Book review: The Lucifer Effect

March 4, 2011

Note: I cross-posted this at my other blog, Books and Other Miscellany.

I was really looking forward to The Lucifer Effect: Understanding How Good People Turn Evil, by Philip Zimbardo. I had high expectations that it would provide me with a deeper understanding of how “evil” comes about. Unfortunately, I was quite disappointed with it, and did not come away with the sense that I had learned much at all.

Before I delve into my critique, let me start with the caveat that I do not think I was the target audience for the book. In college I took several psychology classes, including social psychology. Therefore many of the studies and psychological principles that Zimbardo discusses in The Lucifer Effect were quite familiar to me. This is probably the major reason I did not feel that I learned much from the book; I was expecting it to somehow go deeper than the classic psychology studies. That said, however, there were other reasons that I did not find the book particularly compelling, some of which I think would in fact be a turn-off to the target audience (the general public, and in particular people who believe that individuals are inherently good or evil).

One major issue I had with The Lucifer Effect is that it is extremely long-winded. In fact, while reading it I did something quite rare for me: I skimmed large chunks of it. Zimbardo’s main goal in this book is to demonstrate that situational and systemic factors have a far stronger influence on behavior than we realize or want to believe (people in general tend to attribute behavior to dispositional – inherent to the individual – factors rather than situational ones). To achieve this goal, he presents an in-depth analysis of two situations: his famous Stanford Prison Experiment and the Abu Ghraib prison abuses. I felt that there was far too much detail; it was not interesting to me and I did not need it to be convinced of the results. In addition, I found the writing itself to be long-winded. Often there would be a sentence or even paragraph that I felt like I had read before. He repeats the same important points over and over in slightly differently phrased ways, and it felt tedious.

I do believe that the points Zimbardo makes in The Lucifer Effect are important ones. However, I fear that the length of the book and the details it contains detract from these points reaching the people who are skeptical – would they really spend the time needed to read such a heavy and long book? On the other hand, for those of us already convinced of the general principles and hoping for new insights, it is a disappointment as it seems to mainly re-hash the standard psychological experiments (for example, the Milgram obedience study and the blue-eyed/brown-eyed children experiment).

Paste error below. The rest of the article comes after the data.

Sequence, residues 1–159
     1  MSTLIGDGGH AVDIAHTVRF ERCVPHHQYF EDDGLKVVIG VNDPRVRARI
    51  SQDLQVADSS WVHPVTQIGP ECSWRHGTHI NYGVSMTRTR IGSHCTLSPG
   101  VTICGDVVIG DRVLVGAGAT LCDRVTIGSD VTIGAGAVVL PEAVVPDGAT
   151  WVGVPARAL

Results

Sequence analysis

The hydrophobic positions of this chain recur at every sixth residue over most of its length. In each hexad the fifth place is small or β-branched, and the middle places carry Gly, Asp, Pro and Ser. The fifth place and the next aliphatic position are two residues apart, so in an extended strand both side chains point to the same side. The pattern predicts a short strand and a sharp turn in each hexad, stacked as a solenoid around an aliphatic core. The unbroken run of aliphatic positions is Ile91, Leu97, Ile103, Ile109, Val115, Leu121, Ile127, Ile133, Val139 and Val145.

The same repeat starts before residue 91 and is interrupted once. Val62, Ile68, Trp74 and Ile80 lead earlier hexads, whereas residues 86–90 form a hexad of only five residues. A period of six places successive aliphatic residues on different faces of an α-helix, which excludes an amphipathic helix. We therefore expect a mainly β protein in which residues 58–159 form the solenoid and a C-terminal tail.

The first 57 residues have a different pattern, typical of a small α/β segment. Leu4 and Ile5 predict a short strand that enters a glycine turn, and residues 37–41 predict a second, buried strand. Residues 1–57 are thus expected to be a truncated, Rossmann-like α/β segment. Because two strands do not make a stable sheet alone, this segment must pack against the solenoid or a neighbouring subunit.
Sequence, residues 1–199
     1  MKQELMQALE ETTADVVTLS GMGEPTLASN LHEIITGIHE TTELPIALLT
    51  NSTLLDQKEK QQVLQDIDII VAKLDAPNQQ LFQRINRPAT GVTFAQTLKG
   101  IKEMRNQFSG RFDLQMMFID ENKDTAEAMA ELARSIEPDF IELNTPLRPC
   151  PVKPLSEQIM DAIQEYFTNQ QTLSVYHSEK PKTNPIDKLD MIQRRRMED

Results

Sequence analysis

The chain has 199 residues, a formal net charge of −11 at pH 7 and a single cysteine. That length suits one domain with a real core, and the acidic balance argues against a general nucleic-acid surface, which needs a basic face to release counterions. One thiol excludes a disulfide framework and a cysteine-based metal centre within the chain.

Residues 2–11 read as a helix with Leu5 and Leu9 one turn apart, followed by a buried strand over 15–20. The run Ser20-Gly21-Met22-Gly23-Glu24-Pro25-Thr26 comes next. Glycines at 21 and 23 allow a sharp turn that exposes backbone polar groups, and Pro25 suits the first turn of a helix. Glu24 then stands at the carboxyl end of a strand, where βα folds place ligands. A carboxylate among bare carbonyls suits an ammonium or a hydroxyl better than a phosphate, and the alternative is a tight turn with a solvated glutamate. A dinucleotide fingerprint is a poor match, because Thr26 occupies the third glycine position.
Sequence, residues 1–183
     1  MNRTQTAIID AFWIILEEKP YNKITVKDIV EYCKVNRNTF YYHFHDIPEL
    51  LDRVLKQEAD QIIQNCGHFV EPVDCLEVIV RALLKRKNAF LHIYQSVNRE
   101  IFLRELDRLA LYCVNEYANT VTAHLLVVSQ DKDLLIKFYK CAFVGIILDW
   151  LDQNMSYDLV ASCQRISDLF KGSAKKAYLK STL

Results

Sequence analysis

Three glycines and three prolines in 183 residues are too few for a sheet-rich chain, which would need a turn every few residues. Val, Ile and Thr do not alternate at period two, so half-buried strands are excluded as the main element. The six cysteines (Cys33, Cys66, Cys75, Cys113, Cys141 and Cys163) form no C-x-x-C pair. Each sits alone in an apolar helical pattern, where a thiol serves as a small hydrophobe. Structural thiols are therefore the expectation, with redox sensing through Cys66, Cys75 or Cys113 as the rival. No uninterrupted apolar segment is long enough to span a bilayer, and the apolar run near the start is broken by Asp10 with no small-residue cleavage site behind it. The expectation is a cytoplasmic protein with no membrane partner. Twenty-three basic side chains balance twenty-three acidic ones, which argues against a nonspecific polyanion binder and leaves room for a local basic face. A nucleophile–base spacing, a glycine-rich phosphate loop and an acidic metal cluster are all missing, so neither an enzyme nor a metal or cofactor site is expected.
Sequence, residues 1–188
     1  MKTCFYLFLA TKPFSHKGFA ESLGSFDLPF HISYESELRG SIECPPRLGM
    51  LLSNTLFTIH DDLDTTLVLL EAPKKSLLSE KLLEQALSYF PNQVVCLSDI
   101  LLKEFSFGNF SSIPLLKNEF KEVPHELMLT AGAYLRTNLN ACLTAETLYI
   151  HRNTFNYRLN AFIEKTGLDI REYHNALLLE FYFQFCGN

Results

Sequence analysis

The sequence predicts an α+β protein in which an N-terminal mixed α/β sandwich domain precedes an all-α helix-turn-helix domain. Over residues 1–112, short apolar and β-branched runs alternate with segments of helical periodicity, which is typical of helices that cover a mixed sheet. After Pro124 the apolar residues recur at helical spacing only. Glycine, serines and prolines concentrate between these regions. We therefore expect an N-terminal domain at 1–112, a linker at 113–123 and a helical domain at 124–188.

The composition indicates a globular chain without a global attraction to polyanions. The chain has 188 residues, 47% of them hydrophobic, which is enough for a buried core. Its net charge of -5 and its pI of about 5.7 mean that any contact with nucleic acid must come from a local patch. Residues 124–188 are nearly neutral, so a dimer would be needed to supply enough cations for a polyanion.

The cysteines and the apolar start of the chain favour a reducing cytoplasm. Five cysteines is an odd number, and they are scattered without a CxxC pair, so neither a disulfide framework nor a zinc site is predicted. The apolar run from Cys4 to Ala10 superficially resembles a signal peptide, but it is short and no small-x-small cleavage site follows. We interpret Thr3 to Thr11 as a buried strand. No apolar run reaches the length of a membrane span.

The other major issue I have with The Lucifer Effect is that I do not feel his systemic analysis, particularly in the case of Abu Ghraib, goes far enough. While he thoroughly covers one systemic aspect – the way in which even the top of the chain of command was aware of and allowed the sorts of abuses that occurred – he spends only a couple pages addressing the fact that the very core of the military is in training people to kill and in dehumanizing other people because they are the “enemy.” The fact is, the individuals who committed these “evil” deeds existed in a culture with an authoritarian and violent mindset, and to me that is an important influence on their behavior that needs to be taken into consideration.

I believe that, while situational factors are certainly important, the picture is not complete without examining the societal context as well. Most cultures, including the American culture, normalize authoritarian, punitive, and dehumanizing behavior at some level. In the American culture, most children are raised using punishment, sometimes physical punishment, people who have broken laws are routinely dehumanized, and we have a powerful military actively fighting wars. Most people act morally in the normal situations they encounter in their life, but this morality is layered on top of the non-verbal messages in our culture that normalize authoritarian, punitive, and dehumanizing attitudes. When a particular situation then provides the additional factors necessary to normalize actually acting in such ways, it is not surprising that many people do in fact then act in ways we label as “evil.”